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At the Edge / Bob Trubshaw /

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Royston cave and related caverns

Bob Trubshaw

The Mercian Mysteries field trip to Royston cave last summer has generated considerable interest from several readers. At the same time, new information regarding Royston cave and related structures elsewhere has been published in a book entitled Royston cave - used by saints or sinners [1]. The author, Sylvia P. Beamon has been researching Royston cave for over 25 years and has already published a number of articles and booklets about the place. I am very grateful to Mrs Beamon for permission to quote extensively from her book and, furthermore, for a latest update on archaeological activities in Royston.

The title of her book reflects the main content, which is to argue that Royston cave was used as an oratory or chapel by the Knights Templars, who had a number of preceptories and houses in the immediate area and owned property in Royston. What is not clear, however, is whether the Templar rituals were truly christian.

Of particular interest is Mrs Beamon's comparison of Royston Cave with the very few man-made underground structures which can be considered similar in shape and size. Indeed, Royston Cave seems to have only one parallel. In an obscure German ancient mysteries magazine, Germanien, of 1935 there is a description of 'bottle-shaped cave in the Burgstein, by the village of Svojkov'. This is about 5 miles north-north-east of Ceska Lipa in central Czechoslovakia. However, until the very recent opening up of frontiers with eastern Europe it has not been possible to check this statement.

Sylvia Beamon has visited the Svojkov cavern twice last August and provides the following description, augmented by information from Vasek Cilek in 1989:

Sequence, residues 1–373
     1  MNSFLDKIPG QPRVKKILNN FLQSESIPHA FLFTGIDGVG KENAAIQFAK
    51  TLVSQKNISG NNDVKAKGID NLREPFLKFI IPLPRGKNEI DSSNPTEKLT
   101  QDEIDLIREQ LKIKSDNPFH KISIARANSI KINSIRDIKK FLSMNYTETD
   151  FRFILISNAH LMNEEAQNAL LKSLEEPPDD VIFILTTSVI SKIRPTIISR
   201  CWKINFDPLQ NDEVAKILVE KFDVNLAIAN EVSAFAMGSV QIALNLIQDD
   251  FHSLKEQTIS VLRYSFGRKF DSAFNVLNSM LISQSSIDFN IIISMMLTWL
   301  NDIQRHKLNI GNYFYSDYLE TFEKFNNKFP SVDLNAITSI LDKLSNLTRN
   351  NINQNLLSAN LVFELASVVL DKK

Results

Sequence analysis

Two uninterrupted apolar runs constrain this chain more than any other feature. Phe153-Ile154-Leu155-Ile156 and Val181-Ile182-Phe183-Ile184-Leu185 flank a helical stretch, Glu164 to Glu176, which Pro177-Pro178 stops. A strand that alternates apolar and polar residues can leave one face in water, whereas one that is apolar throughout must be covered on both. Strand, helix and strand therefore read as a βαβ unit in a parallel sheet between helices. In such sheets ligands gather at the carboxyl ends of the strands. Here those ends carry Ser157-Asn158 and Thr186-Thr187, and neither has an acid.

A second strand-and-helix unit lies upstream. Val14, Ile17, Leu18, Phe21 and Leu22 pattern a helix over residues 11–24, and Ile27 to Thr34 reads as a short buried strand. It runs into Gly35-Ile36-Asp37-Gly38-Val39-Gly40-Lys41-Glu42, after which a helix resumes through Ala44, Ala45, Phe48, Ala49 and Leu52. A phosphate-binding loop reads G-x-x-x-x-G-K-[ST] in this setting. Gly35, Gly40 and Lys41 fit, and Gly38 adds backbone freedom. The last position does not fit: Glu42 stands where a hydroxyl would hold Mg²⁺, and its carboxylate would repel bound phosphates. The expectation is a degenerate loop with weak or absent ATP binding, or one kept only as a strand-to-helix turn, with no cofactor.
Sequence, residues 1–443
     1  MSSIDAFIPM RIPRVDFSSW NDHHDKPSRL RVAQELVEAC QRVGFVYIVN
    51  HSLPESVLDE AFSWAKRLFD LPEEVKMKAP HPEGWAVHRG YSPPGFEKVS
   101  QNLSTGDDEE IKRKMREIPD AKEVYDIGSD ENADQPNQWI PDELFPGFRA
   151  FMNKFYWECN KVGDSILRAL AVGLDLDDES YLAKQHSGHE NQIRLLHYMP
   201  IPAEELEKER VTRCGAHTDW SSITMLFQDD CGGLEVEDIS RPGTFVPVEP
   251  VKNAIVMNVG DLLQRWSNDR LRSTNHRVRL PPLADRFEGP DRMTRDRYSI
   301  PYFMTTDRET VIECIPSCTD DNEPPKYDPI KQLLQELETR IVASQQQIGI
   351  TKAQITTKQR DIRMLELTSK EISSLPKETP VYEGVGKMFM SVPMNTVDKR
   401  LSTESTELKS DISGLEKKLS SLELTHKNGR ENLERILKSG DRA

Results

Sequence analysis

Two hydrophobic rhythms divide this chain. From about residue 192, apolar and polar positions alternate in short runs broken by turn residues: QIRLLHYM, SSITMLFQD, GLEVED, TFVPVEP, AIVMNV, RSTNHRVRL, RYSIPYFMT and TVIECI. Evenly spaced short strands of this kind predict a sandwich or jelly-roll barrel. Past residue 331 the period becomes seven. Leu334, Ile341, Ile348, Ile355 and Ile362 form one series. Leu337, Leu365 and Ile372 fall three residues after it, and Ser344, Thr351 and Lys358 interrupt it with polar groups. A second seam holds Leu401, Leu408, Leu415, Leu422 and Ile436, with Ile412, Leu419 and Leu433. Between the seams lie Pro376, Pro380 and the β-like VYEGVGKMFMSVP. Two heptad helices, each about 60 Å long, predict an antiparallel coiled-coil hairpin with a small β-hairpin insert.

'Just some 2 km from Svojkov is situated the most important "underground" castle in Bohemia, called Sloup, which has a bottle-shaped cavern with strange inscriptions which could be compared to Royston Cave. The castle lies in isolation 30 metres high and 100 metres long in the sandstone rock. This rock has had a long history of habitation since neolithic, bronze age and Hallstatt times. The castle was established during the end of the thirteenth century. Its history is complex. It was several times defeated, robbers lived there, etc.. During the sixteenth century the castle was abandoned. In 1639 Swedish soldiers burnt the castle. Between 1690-1785 hermits lived in several of its underground rooms. They even had an underground washroom.

'The bottle-shaped cave is a former prison built in the thirteenth century or the beginning of the fourteenth century. In Britain we would call this an "oubliette". In 1699 a new "surface entrance" was made, before that the only way in was through the "neck of the bottle". The walls of this former prison, "then probably a hermit house" are covered by many symbols: small heads, crucifix, (?)sun symbols, etc.. In another underground room of the castle there are stone reliefs depicting a lion, lioness, frog, Cavalry, etc..'

In any early guide book for the site it was suggested that some of these carvings may have been made by the Templars, but this has been dropped from the latest edition.

Royston entrances

In Nigel Pennick's article in Mercian Mysteries No.15 he states that the cave in the Ceska Lipa region '. . . is very similar to that at Royston, even as far as having an entrance at the top and another cut during the eighteenth century for access by the curious.' Sylvia Beamon notes that, although the Czech cave was originally only entered at the top, this is not true for Royston. When the Royston cave was discovered in 1742 the opening at the top was non-existent and entry was by the northern entrance. However, the top was opened up to the surface some years later probably as an air vent. There is a second, eastern, shaft which was found 'bricked up' with clunch blocks but later reopened. The entrance in current use was constructed in 1790.

Other underground structures in Royston

Ground-probing radar has confirmed the work of two dowsers and the use of another electronic device. It seems there are two adjoining cavities in the centre of the crossroads of the Icknield Way and Ermine Street which, based on old photographs, are likely to be the cellars of former public houses. A tunnel seems to run under the crossroads too, which was expected (although denied by the Council Surveyor some years ago). It appears there there is an unaccounted chamber some 50 yards from the cave close to the new pedestrian crossing, almost in the centre of the road. It is anticipated to be some 11 feet in diameter and 18 feet deep. Mrs Beamon has obtained permission from the local council to use a drill and boroscope to locate the cavity.


1: Royston cave - used by saints or sinners, S.P. Beamon, Cortney Publications, hardback, A4, 336 pages, 111 illus., 10 colour plates, signed and numbered limited edition, 1993, 39.50.

Originally published in Mercian Mysteries No.18 February 1994.

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At the Edge / Bob Trubshaw /

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